By: Lucas Nelson, Sexual Health and Healthy Relationships Topic Coordinator
The lights are dim, the candle is flickering on the wall, your jacket is tossed somewhere on the floor by the bed, and you’re soaring about a thousand feet above Cloud Nine. You finally brought home that girl you’ve been crushing on, or the guy from your math class, or your girlfriend of six months. Things are moving at just the right pace, and you both know what you want. You’re comfortable with each other, so there’s no real need to use a condom, right?
We are in the middle of an epidemic. Not by the scientific definition, but one that nevertheless needs to be taken seriously. The CDC reports that over 110 million Americans are currently infected with a sexually transmitted infection (aka STI), with 20 million new cases every year. What’s even worse is that 50 percent of these new STI cases occurs in people 15-24 years old.
What does that mean for us college students? It simply means we need to be careful when it comes to sex. Nobody can expect us all to abstain (although abstaining from sex, or choosing to not have sex, is totally okay), but we have a responsibility to be safe about it. The severity of STIs might be minor, but certain infections are life altering – and not in the same way that winning the lottery might be. When it comes to sex, condoms are a panacea; condoms and abstinence are the only reliable STI preventers. In fact, condoms are the only contraceptives that also prevent STIs.
Depending on where you look, you’ll find different lists and sets of instructions for condom use. Project Health advocates eleven steps to proper male condom use, which are:
- CONSENT. This is ALWAYS the first step. Consent is defined as “voluntary, positive agreement between participants to engage in specific sexual activity.” (For a helpful visual aid on consent, check out “Consent Tea” on YouTube.)
- Check the expiration date. If your condom is stored in a cool, dry place without being disturbed, it’s probably good for 2-5 years. If it’s been jostling around in your wallet since freshman year, toss it.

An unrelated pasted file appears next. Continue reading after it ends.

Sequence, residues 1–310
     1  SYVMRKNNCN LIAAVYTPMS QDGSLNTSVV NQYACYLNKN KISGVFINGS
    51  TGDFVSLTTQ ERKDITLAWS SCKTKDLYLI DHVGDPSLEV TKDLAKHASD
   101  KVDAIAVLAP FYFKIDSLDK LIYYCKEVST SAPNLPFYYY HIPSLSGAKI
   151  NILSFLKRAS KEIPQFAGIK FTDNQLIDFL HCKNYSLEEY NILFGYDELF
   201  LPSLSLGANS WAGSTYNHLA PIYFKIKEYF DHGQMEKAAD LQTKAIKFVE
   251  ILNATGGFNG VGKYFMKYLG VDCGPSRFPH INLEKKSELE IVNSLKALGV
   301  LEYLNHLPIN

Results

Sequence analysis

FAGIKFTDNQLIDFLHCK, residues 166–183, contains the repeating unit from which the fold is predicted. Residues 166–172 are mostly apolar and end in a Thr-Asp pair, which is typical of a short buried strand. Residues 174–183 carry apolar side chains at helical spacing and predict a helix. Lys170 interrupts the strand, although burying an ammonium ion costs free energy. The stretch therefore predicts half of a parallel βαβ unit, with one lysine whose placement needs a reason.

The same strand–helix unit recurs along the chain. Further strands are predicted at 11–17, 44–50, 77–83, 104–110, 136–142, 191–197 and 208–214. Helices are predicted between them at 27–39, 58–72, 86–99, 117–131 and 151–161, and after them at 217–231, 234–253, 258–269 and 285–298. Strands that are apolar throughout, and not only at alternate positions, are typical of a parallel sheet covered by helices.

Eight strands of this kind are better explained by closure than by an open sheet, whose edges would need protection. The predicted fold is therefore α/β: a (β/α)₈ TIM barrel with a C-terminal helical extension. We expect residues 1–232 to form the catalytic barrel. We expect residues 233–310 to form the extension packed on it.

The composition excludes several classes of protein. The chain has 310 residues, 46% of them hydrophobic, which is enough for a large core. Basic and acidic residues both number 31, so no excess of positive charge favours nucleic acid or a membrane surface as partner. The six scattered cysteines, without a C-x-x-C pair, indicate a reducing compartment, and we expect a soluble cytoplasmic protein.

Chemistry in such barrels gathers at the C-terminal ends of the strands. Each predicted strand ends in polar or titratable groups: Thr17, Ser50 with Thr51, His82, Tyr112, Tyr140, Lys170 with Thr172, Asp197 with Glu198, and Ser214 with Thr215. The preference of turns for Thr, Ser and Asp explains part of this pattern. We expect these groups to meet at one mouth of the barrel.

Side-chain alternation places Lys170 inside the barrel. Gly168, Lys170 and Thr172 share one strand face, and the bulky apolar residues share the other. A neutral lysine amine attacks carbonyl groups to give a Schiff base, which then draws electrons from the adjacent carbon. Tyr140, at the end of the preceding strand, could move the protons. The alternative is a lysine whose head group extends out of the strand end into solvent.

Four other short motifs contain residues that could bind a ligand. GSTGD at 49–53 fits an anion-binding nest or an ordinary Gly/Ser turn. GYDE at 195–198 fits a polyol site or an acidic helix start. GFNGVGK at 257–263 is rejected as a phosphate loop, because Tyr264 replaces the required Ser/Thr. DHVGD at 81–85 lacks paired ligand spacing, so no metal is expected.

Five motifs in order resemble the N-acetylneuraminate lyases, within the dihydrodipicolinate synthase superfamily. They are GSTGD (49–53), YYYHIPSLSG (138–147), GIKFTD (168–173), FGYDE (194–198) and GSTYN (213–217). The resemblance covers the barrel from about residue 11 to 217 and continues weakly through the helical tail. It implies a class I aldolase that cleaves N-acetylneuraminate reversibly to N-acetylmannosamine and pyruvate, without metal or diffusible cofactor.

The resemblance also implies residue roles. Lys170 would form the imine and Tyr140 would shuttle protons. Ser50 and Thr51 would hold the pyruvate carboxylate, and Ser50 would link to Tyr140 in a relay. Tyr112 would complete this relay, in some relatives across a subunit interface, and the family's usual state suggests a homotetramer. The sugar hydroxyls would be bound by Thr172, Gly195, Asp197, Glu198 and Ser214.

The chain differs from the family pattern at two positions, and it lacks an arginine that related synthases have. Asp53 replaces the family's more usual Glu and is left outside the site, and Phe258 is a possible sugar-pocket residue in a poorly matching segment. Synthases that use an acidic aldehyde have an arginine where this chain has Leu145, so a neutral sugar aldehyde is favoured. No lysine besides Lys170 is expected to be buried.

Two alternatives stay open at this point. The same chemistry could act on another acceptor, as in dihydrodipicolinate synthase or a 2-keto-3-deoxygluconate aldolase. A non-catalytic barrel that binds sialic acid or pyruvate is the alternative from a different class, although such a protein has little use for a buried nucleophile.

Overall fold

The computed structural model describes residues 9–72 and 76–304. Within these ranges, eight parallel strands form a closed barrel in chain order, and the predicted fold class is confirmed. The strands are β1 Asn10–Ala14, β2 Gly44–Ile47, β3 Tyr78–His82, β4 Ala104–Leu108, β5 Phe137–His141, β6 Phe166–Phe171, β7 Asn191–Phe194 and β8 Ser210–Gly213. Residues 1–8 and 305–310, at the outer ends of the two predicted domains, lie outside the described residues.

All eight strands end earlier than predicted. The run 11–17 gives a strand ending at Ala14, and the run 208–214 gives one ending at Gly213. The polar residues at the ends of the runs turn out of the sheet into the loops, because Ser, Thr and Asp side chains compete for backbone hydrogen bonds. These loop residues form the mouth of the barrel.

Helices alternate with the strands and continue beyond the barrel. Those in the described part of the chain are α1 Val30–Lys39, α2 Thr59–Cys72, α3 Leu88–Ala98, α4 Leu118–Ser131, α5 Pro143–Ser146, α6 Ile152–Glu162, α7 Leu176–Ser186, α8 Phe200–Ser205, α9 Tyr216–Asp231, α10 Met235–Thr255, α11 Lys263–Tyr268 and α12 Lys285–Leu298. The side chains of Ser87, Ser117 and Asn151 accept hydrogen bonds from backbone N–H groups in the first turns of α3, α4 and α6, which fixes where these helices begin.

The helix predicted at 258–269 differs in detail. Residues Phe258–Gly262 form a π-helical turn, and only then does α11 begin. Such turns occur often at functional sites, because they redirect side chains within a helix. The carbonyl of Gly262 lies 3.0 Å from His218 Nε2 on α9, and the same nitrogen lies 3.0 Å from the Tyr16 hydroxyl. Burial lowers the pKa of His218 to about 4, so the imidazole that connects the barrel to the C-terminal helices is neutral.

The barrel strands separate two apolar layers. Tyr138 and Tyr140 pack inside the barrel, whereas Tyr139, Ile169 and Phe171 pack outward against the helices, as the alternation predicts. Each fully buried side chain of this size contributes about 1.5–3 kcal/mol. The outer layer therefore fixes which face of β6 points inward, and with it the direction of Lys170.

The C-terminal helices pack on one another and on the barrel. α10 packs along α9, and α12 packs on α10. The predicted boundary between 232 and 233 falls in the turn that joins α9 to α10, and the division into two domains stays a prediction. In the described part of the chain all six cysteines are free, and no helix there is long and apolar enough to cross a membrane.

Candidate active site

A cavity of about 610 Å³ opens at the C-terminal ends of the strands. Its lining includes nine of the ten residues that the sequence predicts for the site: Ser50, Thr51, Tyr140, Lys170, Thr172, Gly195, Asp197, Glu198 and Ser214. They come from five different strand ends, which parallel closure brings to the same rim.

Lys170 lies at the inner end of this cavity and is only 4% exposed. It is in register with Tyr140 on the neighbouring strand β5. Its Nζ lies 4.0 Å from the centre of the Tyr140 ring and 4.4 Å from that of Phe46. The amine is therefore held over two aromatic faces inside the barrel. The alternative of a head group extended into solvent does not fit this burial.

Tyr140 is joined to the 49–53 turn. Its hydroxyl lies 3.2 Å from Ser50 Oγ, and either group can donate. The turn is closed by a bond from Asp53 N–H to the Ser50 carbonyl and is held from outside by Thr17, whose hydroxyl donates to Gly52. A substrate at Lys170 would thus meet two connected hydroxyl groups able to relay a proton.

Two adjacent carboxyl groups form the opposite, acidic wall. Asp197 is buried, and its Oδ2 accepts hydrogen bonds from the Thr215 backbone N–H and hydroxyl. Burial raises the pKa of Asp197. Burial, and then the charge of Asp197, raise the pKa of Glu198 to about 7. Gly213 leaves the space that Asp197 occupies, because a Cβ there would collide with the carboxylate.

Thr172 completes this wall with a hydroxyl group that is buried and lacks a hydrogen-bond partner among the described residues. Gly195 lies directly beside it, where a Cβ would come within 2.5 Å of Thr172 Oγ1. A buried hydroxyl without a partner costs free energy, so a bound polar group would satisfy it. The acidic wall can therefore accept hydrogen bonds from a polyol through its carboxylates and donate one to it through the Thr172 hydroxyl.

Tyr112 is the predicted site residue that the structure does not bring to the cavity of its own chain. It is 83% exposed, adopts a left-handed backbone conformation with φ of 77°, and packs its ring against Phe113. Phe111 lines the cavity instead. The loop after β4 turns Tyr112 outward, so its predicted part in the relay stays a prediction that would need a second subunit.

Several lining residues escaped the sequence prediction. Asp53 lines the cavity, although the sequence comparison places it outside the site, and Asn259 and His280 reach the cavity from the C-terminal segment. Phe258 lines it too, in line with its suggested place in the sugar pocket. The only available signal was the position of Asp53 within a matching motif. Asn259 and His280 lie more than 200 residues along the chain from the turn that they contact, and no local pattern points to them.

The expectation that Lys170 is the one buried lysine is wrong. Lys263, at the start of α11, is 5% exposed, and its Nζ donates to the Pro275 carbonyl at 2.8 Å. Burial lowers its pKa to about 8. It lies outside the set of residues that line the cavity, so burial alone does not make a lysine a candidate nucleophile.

- Squeeze the condom package. This serves two purposes. One, it evenly distributes the lubricant. Two, it proves the package is still intact. If you don’t feel an air bubble, don’t use the condom; no air bubble means the foil has ruptured.
- Carefully tear open the package. No, don’t use your teeth (or anything else sharp). There’s nothing sexy about a ripped condom.
- Pinch the tip of the condom. This is one nobody knows about. Squeeze the air out of the tip before putting on the condom. Sperm is released at roughly 28 mph, and that ejaculate needs somewhere to go. Failing to pinch the tip can send sperm out of the condom’s base or even break the condom.
- Unroll to base. Skin-to-skin contact is a common method of STI transfer. Protecting the entire length will decrease this contact.
- Intercourse. This means whatever you want it to mean. Man and woman, woman and woman, man and man, person and themselves, anal, vaginal, oral, etc.
- Ejaculation. Self-explanatory.
- Hold on to base. Go ahead and catch your breath, but be careful; you’re not done yet. While still erect, grab the base of the condom. This prevents the condom from slipping off in the next step.
- Withdrawal. Remember, this should be done while still erect.
- Tie up and throw away. Yes, college budgets and eating ice sandwiches often seem millimeters away, but don’t reuse condoms to cut costs; condoms should be used only once. And when I say throw away, I mean IN THE TRASH. There’s nothing more embarrassing than having to call maintenance at 2AM to fish a used condom out of your clogged toilet.
I hope you leaned something new today! Project Health also advocates 13 steps to female condom use. Ask an intern for more information!
Center for Disease Control and Prevention: http://www.cdc.gov/std/stats/sti-estimates-fact-sheet-feb-2013.pdf
Northwestern University: http://www.northwestern.edu/womenscenter/issues-information/sexual-assault/defining-sexual-assault.html
Tea Consent Video: